Welcome to Polygon's 13 Days of Halloween series! Between Oct. 19 and Oct. 31, Polygon will publish 13 opinion pieces about different films, shows and specials that exemplify what Halloween means to us. Whether that's the scariest movies you haven't seen yet or a look at a popular Treehouse of Horror episode, this is our tribute to the world of the strange, creepy and downright horrifying that exists within popular culture.
Twin Peaks is such a mishmash of genres, it's hard to explain it.
"I thought that was a comedy," my roommate said when I told her I was writing about Twin Peaks for Halloween.
"It is," I replied. "But it's kind of also scary. And a soap opera. And a murder mystery. But it's very funny!"
Twin Peaks veers between all these genres with abandon and varying success. But the horror and supernatural elements of the show have always been my favorite. Horror in Twin Peaks is a bit different than what we're used to seeing — it's quieter, existing in shots that are so slow and prolonged they can make you uncomfortable.
Horror in Twin Peaks is a bit different than what we're used to seeing
Many modern horror films use a one-two punch of sound and movement to scare viewers. It's a quintessential part of the jump scare: that much-maligned tactic that feels so much like a cheap trick when it's misused.
"A jump scare should add tension to the rest of the movie by making us distrust any moment where we feel safe," says Jack Nugent in his YouTube film criticism series, Now You See It. Watch his great breakdown of the jump scare, which he illustrates with a horrifying mashup of The Prestige and Poltergeist. Believe me, it works.
The part of the jump scare that affects us the most is not the bang of tension being released and the monster being revealed. It's the dread of knowing that something horrible is about to happen, and being forced to watch and wait.
"Buildup is what separates a good jump scare from a cheap one," says Nugent. And Twin Peaks is the master of the buildup. Much like Stanley Kubrick's The Shining, Twin Peaks uses stillness and repetitive sounds to create a sense of dread that you can practically feel like a pulse. And when we're finally confronted with a scare, there's often no release. We just have to live with it.
This can make any scene disturbing, but it's most effective in scenes like this one from EPISODE X, which embodies the best and worst of Twin Peaks. Most of this scene is the kind of soapy drama that dragged Twin Peaks down. James, Maddy and Donna are recording a song (we never find out why, OK), and as they record we see growing tensions between the teens: Donna starts to think James might like Maddy and gets jealous and upset. There are lots of long, damp stares, and David Lynch's favorite hobby: bad lip-syncing. It's really, really awkward and bad.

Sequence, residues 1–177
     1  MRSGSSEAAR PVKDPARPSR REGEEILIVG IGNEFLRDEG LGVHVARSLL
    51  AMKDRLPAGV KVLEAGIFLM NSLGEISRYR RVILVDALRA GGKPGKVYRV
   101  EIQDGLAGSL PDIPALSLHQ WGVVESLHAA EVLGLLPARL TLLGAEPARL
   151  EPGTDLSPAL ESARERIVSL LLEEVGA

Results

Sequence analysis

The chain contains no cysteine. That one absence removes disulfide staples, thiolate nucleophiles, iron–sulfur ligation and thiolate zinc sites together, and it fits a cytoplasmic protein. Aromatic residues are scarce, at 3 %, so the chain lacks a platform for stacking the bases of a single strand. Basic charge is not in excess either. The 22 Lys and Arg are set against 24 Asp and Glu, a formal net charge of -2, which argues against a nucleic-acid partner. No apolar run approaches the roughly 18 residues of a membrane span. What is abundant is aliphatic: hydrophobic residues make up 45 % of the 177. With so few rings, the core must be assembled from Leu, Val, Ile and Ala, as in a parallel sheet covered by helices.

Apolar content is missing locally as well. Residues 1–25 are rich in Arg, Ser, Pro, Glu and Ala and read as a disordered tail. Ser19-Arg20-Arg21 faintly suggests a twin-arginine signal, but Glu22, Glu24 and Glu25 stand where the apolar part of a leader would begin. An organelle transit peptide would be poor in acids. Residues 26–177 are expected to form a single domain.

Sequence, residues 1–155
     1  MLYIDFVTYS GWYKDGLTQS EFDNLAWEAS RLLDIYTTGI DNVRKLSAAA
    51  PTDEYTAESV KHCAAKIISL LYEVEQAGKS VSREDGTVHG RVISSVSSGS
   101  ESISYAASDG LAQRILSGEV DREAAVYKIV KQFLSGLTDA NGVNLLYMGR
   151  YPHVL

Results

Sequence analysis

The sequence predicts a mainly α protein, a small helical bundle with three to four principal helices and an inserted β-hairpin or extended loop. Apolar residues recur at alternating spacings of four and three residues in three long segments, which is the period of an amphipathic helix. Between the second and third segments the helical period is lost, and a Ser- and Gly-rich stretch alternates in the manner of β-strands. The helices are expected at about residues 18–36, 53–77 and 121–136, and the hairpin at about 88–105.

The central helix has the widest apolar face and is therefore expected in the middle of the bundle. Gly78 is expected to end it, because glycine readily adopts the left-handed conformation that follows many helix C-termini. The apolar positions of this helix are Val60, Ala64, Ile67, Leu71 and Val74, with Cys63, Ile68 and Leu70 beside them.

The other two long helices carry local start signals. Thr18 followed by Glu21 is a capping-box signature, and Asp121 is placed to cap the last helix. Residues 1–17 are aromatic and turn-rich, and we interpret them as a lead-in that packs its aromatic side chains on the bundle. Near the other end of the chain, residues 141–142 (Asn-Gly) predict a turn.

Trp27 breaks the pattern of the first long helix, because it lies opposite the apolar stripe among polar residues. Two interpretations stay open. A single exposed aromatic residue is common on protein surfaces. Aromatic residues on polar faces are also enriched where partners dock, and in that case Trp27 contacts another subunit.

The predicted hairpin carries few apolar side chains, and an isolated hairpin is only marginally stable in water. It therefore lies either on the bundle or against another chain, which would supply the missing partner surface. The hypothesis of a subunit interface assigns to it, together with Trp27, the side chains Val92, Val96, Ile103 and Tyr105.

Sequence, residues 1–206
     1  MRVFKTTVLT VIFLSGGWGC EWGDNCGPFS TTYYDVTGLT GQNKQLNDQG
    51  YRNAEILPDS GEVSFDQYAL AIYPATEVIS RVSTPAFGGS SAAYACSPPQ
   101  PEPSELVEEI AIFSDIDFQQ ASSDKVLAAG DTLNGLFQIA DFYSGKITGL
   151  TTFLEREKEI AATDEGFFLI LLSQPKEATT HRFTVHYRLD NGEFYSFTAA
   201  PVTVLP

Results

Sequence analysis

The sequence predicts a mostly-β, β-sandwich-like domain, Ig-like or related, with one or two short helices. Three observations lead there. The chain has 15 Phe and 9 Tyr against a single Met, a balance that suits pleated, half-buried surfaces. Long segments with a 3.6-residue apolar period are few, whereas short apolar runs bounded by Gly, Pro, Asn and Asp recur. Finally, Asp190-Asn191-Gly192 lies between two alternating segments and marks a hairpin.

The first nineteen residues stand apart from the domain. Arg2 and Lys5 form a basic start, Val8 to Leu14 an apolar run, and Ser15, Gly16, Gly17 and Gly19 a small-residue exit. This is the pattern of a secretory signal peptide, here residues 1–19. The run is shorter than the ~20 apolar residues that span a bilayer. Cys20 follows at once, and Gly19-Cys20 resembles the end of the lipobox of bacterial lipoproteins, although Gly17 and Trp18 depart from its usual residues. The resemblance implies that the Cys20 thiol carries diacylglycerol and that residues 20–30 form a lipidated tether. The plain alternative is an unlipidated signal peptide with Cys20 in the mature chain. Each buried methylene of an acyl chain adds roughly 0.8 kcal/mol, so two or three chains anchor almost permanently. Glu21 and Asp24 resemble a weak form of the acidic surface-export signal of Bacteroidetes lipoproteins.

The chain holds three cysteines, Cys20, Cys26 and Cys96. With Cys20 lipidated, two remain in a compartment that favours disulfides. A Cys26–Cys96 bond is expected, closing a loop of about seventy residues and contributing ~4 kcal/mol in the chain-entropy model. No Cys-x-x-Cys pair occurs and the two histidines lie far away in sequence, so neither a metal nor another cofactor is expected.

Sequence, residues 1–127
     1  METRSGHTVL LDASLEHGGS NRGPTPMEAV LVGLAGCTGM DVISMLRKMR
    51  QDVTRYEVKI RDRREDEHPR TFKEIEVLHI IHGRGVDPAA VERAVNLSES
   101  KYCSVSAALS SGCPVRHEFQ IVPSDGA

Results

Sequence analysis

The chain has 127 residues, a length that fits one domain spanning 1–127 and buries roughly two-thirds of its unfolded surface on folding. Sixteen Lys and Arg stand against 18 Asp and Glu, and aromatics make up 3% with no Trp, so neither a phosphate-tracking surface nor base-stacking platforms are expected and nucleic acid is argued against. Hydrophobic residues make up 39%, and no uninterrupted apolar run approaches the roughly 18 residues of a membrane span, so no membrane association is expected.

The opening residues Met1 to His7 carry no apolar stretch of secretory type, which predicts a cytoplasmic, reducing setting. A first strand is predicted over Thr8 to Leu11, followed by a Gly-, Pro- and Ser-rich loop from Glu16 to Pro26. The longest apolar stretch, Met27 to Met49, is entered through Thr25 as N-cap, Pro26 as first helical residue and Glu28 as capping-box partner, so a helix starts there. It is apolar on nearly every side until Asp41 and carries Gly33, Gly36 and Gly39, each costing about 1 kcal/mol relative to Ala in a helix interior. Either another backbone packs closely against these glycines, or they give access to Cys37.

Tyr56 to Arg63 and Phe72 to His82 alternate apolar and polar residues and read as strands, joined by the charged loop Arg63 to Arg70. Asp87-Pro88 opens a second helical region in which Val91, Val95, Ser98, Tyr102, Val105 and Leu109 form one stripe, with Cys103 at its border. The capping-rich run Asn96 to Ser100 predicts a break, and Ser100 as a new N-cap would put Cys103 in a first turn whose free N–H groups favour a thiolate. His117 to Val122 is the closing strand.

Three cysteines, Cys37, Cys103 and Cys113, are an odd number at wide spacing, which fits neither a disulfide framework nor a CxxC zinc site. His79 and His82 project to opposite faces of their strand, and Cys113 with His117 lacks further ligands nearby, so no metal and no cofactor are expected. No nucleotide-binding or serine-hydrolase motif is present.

But when James and Donna run off to fight and make up, Maddy is left alone in the living room. And then we see BOB. If Twin Peaks were a horror movie, BOB would be the monster — he's the killer of Laura Palmer, and he menaces several of the characters through dreams and visions. Here, he enters from screen right in a completely still shot of the living room, from Maddy's point of view. The only sounds are low music and BOB's breathing — it's as if Maddy herself has forgotten to breathe.
This is the buildup to the scare. BOB moves slowly into the doorway and starts crawling towards the camera, over the couch and the table between him and Maddy. Finally he practically crawls into the camera, and it's only then that there we cut back to Maddy and she screams and breaks the tension.
Drawn-out sequences like this have all the buildup of a good jump scare, but the filmmakers refuse to deliver the release that we might expect or even crave. The audience is forced to sit and look the monster in the eye — quite literally in this example, because BOB is looking right into the camera.
And in the end, because nothing has actually happened, we're left feeling disturbed and off-kilter.
An even more chilling example happens in season two, episode seven. This is the scene where we find out whose body BOB is possessing, so if you haven't watched the show you really might want to stop here.
This scene introduces a piece of Twin Peaks mythology that will be vital going forward: If you're possessed by a spirit of the Black Lodge, that's who you appear as in the mirror. The scene is scored by low synths, which are overshadowed by the claustrophobic sound of a record skipping. The camera pans slowly to Leland Palmer, adjusting his tie in the mirror. The tension builds with a cut to a close-up of Leland's face, and then a cut back to Leland looking in the mirror — but this time it's BOB looking out.
This is the biggest reveal in the series at this point in the season, and the audience is left to revel in it for four uncomfortable seconds before another cut back to Leland. Nothing changes in the soundtrack, the lighting or the depth of the shot. But everything has changed about how we see Leland Palmer.
In the following episodes, shot composition is used to emphasize how dangerous Leland and BOB are. But this reveal scene just uses the most basic tools of filmmaking — shot, reverse shot — to remind us that this whole time, there has been a monster lurking behind Leland Palmer's smile.
You don't need loud noises or movement to make that disturbing as hell, and that's what I love about Twin Peaks.